ICAEW revives campaign on legal professional privilege

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The Law Society today rebutted a claim by elite accountancy body the ICAEW that legal professional privilege ‘seriously distorts the market’ for tax and other advice.

Accountants do not have the same duties to their clients or the courts, Society president Jonathan Smithers stressed.

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The claim is included in the response of representative body the Institute of Chartered Accountants in England and Wales to the recently announced study by the Competition and Markets Authority into the supply of legal services.

The ICAEW (pictured) is currently an approved regulator and licensing authority for probate. It is seeking the same dispensation for the remaining reserved activities, including rights of audience and conduct of litigation.

It argues: ‘Accountants currently represent clients before the tax tribunals of the General Regulatory Chamber (GRC) and provide expert litigation support to solicitors relating to both civil and criminal actions. They also appear in court as expert witnesses.

‘Obtaining accreditation to carry out the further reserved legal activities for the service area of taxation is likely to be attractive to all sizes of accountancy firms.’

The body claims this would provide a ‘natural link to the traditional accountancy practice’, but it is also concerned about the effect of privilege on a free market.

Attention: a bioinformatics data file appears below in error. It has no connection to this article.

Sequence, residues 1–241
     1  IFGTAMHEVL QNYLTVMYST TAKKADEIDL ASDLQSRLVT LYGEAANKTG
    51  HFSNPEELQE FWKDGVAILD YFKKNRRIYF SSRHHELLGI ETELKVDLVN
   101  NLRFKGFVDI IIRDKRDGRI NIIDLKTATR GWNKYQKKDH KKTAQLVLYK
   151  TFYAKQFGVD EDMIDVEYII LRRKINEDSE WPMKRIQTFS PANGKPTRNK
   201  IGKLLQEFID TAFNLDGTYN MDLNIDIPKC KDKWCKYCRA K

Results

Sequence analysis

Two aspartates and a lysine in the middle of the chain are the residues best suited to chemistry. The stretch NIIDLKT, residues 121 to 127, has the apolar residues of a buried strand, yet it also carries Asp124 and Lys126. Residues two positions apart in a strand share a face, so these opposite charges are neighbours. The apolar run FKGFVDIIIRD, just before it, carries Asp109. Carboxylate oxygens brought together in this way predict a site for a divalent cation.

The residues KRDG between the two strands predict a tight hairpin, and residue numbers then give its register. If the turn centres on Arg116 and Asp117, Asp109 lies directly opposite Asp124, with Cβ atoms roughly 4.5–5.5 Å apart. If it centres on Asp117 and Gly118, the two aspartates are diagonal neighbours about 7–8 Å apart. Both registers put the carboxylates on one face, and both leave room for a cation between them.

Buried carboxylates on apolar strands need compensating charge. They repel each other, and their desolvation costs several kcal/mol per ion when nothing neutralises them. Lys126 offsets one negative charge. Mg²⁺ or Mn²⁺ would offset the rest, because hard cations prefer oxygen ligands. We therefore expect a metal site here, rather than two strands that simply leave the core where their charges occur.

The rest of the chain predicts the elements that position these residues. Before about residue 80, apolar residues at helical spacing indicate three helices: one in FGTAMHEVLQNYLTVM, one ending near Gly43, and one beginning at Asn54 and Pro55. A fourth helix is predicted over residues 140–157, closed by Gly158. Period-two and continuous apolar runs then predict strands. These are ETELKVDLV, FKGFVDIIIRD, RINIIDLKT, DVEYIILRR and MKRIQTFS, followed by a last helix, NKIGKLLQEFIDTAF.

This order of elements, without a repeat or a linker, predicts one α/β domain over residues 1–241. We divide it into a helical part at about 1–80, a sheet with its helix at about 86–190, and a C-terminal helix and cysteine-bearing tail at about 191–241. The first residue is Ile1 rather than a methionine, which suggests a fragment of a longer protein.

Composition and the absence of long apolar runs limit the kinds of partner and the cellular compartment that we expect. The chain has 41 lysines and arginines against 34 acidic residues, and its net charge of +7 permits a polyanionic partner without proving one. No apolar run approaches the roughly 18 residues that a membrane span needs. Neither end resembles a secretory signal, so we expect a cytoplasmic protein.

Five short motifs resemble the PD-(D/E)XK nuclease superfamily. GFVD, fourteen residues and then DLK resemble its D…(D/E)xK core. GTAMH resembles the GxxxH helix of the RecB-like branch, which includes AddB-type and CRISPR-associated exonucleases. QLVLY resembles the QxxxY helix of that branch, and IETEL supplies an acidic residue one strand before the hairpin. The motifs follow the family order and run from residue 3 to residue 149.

In 2012 the institute intervened unsuccessfully in the landmark Prudential case, in which the Supreme Court ruled that LPP applies only to qualified lawyers.

The institute greeted that decision by urging parliament to take action, describing the current position as ‘unprincipled and anti-competitive’ – a claim it reiterates in its response to the CMA.

‘Some law firms have marketed their services on the basis that they are in a position to keep their advice completely confidential, where accountants are not able to do so,’ the response adds.

‘The anomaly remains [and] results in a serious distortion to the competitive environment, where clients may seek professional services on the basis of the availability of [privilege], rather than a cost-effective service.’

However, Law Society president Jonathan Smithers said today: ‘While the Law Society recognises that accountants provide valuable tax advisory services, it is concerned that extending reserved tax-based legal services could put consumers at risk and would not be in the public interest.  

‘Litigation is a specialist area in itself, and has fundamental differences from advisory work.  

‘Accountants do not have the same duties to their clients, or to the courts, as solicitors. It does not therefore follow that because a body’s members provide advisory services in an area that it also ought to be able to conduct litigation in relation to those matters. Finally, this would result in further regulatory complexity, creating multiple levels of regulation, while several government consultations are going on to potentially reduce regulation.’

Readers' comments (12)

  • "Elite accountancy body". Is this the Sun?

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  • Without digging into the murky [pasts I think that one can only rebutt a presumption and in the matter at hand there is no presumption to rebut, further one might advocate that the presumption should not be followed / applied but the person who rebuts the presumption is the tribunal of fact.

    But when an article is 'by gazette newsdesk' I think we should lay off, it's probably the teenage son / daughter of someone well connected serving an internship.

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  • not sure how you're spelling rebut but in any case you're confusing it with 'refute'.